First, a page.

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February 26th, 2018 / RealClear Science

Remember the Gros Michel banana? If you’re under the age of seventy, you probably don’t. That’s because in the 1950s a fungal disease called Panama disease essentially wiped out commercial production of the Gros Michel. In just a few years, growers were forced to switch from the rich, creamy, and physically hearty Gros Michel to the bland, easily bruised, “junk” cultivar of banana we’re familiar with today: the Cavendish.

Now, the same fate that befell the banana could swallow up the most popular drink in the world: coffee.

Between 60 and 65% of the coffee produced in the world is produced from the Arabica plant, with the more bitter Robusta variety making up almost all of the rest. While vastly inferior in taste and often relegated to instant coffee swill, Robusta is undeniably more robust to produce, yielding 60% more beans at a greater growing temperature range while resisting insects and disease, including the dreaded coffee rust.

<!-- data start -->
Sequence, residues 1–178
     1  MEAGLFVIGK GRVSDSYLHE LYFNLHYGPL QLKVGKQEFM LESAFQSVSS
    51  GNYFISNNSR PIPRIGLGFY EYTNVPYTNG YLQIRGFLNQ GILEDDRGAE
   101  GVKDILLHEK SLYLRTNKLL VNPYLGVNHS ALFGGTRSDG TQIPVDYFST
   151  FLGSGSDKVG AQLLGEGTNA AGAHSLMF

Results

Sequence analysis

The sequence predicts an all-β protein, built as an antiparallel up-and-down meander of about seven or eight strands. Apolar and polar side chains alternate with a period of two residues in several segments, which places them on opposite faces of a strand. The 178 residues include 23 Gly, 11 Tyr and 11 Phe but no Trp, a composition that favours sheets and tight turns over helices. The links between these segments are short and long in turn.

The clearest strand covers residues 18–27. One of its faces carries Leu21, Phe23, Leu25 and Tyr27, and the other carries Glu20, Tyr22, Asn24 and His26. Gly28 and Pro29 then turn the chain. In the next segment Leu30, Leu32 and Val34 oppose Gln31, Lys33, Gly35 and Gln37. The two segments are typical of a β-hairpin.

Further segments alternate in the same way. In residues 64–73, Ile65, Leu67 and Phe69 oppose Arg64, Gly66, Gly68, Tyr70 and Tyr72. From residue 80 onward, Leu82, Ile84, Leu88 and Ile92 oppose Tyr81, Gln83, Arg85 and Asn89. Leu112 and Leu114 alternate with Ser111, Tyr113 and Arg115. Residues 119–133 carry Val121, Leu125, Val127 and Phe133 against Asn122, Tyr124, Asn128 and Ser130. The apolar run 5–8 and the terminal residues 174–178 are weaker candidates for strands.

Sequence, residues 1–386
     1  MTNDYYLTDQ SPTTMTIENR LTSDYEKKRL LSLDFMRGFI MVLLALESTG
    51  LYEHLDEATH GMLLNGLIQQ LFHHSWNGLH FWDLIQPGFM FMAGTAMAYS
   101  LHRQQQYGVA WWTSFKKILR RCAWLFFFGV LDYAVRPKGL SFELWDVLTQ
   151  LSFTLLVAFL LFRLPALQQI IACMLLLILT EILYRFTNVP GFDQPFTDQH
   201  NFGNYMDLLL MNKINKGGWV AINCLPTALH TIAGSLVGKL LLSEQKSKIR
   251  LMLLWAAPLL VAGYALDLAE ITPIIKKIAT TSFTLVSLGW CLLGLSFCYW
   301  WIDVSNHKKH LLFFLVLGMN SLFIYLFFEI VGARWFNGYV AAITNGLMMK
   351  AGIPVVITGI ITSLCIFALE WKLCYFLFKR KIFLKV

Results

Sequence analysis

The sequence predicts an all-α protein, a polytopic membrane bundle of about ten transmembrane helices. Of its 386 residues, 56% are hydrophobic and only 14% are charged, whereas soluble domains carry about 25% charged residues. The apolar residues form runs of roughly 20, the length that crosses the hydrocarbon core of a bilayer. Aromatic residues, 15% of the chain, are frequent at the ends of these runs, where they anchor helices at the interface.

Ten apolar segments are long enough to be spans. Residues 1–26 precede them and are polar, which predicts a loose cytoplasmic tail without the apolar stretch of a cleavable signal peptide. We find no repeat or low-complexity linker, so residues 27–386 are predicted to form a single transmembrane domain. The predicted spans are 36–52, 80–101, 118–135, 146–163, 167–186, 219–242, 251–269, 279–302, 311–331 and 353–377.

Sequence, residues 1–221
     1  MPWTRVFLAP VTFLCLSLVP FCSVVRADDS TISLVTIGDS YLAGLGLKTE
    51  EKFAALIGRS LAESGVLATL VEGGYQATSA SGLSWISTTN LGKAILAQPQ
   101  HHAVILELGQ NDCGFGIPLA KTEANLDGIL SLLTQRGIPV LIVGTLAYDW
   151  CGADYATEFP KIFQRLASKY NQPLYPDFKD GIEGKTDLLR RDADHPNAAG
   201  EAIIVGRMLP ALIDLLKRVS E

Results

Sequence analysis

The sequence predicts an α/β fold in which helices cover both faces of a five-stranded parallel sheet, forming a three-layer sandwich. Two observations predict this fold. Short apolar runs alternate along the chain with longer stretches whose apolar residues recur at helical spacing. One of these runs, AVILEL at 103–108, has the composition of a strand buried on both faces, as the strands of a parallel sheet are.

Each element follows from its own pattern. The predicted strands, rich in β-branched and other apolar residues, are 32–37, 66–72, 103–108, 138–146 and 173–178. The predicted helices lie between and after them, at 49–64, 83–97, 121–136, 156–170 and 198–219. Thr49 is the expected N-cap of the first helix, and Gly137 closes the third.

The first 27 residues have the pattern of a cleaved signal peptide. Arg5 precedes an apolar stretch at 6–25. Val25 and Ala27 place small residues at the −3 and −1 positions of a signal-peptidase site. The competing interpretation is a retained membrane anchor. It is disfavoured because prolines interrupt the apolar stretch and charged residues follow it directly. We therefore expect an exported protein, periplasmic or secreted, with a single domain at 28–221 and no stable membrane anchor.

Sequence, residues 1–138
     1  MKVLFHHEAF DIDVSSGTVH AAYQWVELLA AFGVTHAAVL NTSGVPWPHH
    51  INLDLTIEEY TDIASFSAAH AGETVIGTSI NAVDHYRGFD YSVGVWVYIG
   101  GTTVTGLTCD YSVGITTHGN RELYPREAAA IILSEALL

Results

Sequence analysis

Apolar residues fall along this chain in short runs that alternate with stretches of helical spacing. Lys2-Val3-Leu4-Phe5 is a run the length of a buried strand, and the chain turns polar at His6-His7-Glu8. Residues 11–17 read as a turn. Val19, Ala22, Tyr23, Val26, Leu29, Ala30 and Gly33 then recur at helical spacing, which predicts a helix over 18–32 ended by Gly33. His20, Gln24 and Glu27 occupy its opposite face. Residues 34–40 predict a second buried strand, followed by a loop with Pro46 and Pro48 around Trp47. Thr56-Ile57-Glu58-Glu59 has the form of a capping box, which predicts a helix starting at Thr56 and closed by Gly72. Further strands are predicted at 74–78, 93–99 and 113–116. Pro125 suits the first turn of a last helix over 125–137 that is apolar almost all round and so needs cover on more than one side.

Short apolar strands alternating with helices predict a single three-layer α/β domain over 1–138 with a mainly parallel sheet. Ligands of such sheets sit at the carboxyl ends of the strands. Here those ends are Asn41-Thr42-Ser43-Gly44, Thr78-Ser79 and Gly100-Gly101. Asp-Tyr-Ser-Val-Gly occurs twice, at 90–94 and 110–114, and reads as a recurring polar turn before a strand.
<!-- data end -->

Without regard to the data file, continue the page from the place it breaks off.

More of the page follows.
It is coffee rust that now threatens the global supply of Arabica. As Chemical and Engineering News recently reported, roughly 15 percent of production is lost to rust each year and it affects crops worldwide. Forty percent of Colombia’s coffee crop was wiped out by rust in 2008 alone, destroying livelihoods and impoverishing families in the process. Considering that Arabica is basically inbred, with just 1.2 percent genetic diversity, there is little chance it will ever develop resistance. Conventional breeding efforts are underway to create a more resilient version of Arabica, and have been for fifty years, but they probably won’t be able to keep up with coffee rust forever, especially considering the disease’s effects and scope are exacerbated by climate change, which is producing hotter, more humid conditions in prime growing areas – perfect for fungus. Fungicides and strategic growing practices help, but they are imperfect solutions which are difficult to implement on a wide scale. Read more